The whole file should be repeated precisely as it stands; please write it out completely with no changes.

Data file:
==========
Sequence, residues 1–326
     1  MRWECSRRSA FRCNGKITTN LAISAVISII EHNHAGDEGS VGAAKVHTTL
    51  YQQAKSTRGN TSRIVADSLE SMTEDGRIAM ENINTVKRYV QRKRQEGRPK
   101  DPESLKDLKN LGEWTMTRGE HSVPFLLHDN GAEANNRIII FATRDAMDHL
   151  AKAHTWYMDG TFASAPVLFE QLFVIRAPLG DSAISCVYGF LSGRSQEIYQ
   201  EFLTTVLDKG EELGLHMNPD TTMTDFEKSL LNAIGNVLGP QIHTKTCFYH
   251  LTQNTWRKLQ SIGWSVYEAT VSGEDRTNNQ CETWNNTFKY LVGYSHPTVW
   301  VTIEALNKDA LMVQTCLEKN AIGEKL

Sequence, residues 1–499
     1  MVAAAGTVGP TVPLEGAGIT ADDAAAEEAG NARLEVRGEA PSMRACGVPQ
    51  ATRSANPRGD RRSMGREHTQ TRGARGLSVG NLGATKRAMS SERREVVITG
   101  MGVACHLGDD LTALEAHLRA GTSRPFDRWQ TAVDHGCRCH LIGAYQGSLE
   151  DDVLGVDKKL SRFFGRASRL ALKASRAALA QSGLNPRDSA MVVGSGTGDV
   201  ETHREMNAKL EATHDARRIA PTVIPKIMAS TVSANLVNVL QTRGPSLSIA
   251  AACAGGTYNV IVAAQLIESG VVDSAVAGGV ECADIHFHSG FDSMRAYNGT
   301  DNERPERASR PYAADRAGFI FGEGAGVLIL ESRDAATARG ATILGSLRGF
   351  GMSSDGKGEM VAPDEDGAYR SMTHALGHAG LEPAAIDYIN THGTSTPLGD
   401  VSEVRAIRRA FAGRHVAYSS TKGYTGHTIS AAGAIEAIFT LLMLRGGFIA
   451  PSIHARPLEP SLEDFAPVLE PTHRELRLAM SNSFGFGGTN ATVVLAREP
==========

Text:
Sequence, residues 1–326
     1  MRWECSRRSA FRCNGKITTN LAISAVISII EHNHAGDEGS VGAAKVHTTL
    51  YQQAKSTRGN TSRIVADSLE SMTEDGRIAM ENINTVKRYV QRKRQEGRPK
   101  DPESLKDLKN LGEWTMTRGE HSVPFLLHDN GAEANNRIII FATRDAMDHL
   151  AKAHTWYMDG TFASAPVLFE QLFVIRAPLG DSAISCVYGF LSGRSQEIYQ
   201  EFLTTVLDKG EELGLHMNPD TTMTDFEKSL LNAIGNVLGP QIHTKTCFYH
   251  LTQNTWRKLQ SIGWSVYEAT VSGEDRTNNQ CETWNNTFKY LVGYSHPTVW
   301  VTIEALNKDA LMVQTCLEKN AIGEKL

Sequence, residues 1–499
     1  MVAAAGTVGP TVPLEGAGIT ADDAAAEEAG NARLEVRGEA PSMRACGVPQ
    51  ATRSANPRGD RRSMGREHTQ TRGARGLSVG NLGATKRAMS SERREVVITG
   101  MGVACHLGDD LTALEAHLRA GTSRPFDRWQ TAVDHGCRCH LIGAYQGSLE
   151  DDVLGVDKKL SRFFGRASRL ALKASRAALA QSGLNPRDSA MVVGSGTGDV
   201  ETHREMNAKL EATHDARRIA PTVIPKIMAS TVSANLVNVL QTRGPSLSIA
   251  AACAGGTYNV IVAAQLIESG VVDSAVAGGV ECADIHFHSG FDSMRAYNGT
   301  DNERPERASR PYAADRAGFI FGEGAGVLIL ESRDAATARG ATILGSLRGF
   351  GMSSDGKGEM VAPDEDGAYR SMTHALGHAG LEPAAIDYIN THGTSTPLGD
   401  VSEVRAIRRA FAGRHVAYSS TKGYTGHTIS AAGAIEAIFT LLMLRGGFIA
   451  PSIHARPLEP SLEDFAPVLE PTHRELRLAM SNSFGFGGTN ATVVLAREP